– Oil prices little changed on day, eye strong monthly gains
– Riyadh expected to extend voluntary cuts to Sep – analysts
– Oil demand rose to a record 102.8 million bpd in July – analyst
London — Oil prices were set to post their biggest monthly gains in more than a year on Monday, on expectations that Saudi Arabia will extend voluntary output cuts into September and tighten global supply.
Brent crude futures slipped 7 cents to $84.92 a barrel by 0819 GMT, while U.S. West Texas Intermediate crude edged up 10 cents to $80.68 a barrel.
The September Brent contract will expire on Monday. The more active October contract crept 6 cents higher to $84.47 a barrel.
Brent and WTI settled on Friday at their highest levels since April, gaining for a fifth straight week, as tightening oil supplies globally and expectations of an end to U.S. interest rate hikes supported prices.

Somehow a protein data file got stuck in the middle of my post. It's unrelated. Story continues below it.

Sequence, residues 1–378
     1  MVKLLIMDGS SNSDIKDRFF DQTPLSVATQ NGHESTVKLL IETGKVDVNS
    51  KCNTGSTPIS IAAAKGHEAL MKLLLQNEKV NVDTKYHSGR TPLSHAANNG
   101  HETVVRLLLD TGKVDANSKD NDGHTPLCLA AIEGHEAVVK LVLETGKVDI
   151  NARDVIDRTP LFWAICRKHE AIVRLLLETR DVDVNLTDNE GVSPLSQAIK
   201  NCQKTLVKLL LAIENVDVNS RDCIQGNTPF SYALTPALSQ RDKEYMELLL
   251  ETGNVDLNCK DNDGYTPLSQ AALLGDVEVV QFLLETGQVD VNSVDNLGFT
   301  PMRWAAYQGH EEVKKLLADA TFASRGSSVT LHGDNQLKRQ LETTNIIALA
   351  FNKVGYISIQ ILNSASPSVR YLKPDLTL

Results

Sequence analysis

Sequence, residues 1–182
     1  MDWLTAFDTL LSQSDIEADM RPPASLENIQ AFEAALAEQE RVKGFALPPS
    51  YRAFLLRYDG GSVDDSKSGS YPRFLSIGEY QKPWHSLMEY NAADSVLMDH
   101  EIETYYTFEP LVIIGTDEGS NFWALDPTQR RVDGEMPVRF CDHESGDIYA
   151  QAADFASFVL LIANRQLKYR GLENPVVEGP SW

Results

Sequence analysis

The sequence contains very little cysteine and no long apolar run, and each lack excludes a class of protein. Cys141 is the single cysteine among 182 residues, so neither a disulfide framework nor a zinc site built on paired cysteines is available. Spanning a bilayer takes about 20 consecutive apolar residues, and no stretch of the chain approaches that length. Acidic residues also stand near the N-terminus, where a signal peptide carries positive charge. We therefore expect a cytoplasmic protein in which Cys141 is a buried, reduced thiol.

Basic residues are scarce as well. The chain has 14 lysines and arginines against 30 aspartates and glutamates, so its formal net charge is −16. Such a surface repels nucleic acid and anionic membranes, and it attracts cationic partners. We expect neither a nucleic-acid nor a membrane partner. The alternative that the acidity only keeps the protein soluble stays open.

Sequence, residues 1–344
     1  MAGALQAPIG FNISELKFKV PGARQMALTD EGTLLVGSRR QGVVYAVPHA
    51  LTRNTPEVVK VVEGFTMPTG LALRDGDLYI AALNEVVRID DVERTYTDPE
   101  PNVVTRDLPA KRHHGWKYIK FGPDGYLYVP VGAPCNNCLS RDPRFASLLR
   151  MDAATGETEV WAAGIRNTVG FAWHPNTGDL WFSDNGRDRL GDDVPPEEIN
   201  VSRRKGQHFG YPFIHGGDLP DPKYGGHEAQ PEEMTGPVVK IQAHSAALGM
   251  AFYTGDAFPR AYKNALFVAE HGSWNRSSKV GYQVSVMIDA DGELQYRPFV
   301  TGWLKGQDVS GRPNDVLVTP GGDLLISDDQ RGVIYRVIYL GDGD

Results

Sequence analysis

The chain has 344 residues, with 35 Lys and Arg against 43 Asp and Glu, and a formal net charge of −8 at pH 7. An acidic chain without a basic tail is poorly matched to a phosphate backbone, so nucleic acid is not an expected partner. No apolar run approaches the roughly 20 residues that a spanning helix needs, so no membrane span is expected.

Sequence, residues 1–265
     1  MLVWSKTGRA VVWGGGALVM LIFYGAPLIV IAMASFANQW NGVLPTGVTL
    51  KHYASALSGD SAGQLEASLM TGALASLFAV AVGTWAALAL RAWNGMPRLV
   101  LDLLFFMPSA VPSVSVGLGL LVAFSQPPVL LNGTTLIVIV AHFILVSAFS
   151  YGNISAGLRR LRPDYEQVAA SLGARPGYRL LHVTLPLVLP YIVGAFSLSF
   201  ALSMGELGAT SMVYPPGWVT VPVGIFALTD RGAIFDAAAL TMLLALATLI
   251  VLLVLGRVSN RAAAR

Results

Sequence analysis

Both are on track to close July with their biggest monthly gains since January 2022.
“While it seems that crude may have priced in all the good news on U.S. inflation and economic resiliency for the time being, it may continue inching higher still,” said Vandana Hari, founder of oil market analysis provider Vanda Insights.
Meanwhile, Saudi Arabia is expected to extend a voluntary oil output cut of 1 million barrels per day (bpd) for another month to include September.
Riyadh’s existing cuts have already constrained supplies, with oil inventories beginning to fall in some regions as demand outpaces supply.
“Oil prices are up 18% since mid-June as record high demand and Saudi supply cuts have brought back deficits, and as the market has abandoned its growth pessimism,” Goldman Sachs analysts said in a July 30 note.
“We still expect the extra 1 million bpd Saudi cut to last through September, and to be halved from October.”
Goldman Sachs estimated that global oil demand rose to a record 102.8 million bpd in July and it revised up 2023 demand by about 550,000 bpd on stronger economic growth estimates in India and the U.S., offsetting a downgrade for China’s consumption.
*Natalie Grover, Florence Tan & Mohi Narayan; editing: Tom Hogue, Raju Gopalakrishnan, Himani Sarkar & Christina Fincher – Reuters
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